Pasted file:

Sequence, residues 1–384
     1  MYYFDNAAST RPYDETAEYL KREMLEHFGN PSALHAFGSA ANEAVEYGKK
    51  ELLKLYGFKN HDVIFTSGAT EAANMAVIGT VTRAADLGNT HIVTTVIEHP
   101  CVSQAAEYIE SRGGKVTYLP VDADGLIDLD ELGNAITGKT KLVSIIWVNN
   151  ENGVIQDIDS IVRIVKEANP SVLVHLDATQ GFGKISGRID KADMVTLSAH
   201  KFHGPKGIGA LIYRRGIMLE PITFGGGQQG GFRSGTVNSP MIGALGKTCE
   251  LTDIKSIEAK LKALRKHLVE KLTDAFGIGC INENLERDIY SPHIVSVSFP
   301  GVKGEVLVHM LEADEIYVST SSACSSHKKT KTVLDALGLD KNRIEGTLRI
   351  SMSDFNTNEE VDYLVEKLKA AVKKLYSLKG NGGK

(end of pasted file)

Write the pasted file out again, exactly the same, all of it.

Sequence, residues 1–384
     1  MYYFDNAAST RPYDETAEYL KREMLEHFGN PSALHAFGSA ANEAVEYGKK
    51  ELLKLYGFKN HDVIFTSGAT EAANMAVIGT VTRAADLGNT HIVTTVIEHP
   101  CVSQAAEYIE SRGGKVTYLP VDADGLIDLD ELGNAITGKT KLVSIIWVNN
   151  ENGVIQDIDS IVRIVKEANP SVLVHLDATQ GFGKISGRID KADMVTLSAH
   201  KFHGPKGIGA LIYRRGIMLE PITFGGGQQG GFRSGTVNSP MIGALGKTCE
   251  LTDIKSIEAK LKALRKHLVE KLTDAFGIGC INENLERDIY SPHIVSVSFP
   301  GVKGEVLVHM LEADEIYVST SSACSSHKKT KTVLDALGLD KNRIEGTLRI
   351  SMSDFNTNEE VDYLVEKLKA AVKKLYSLKG NGGK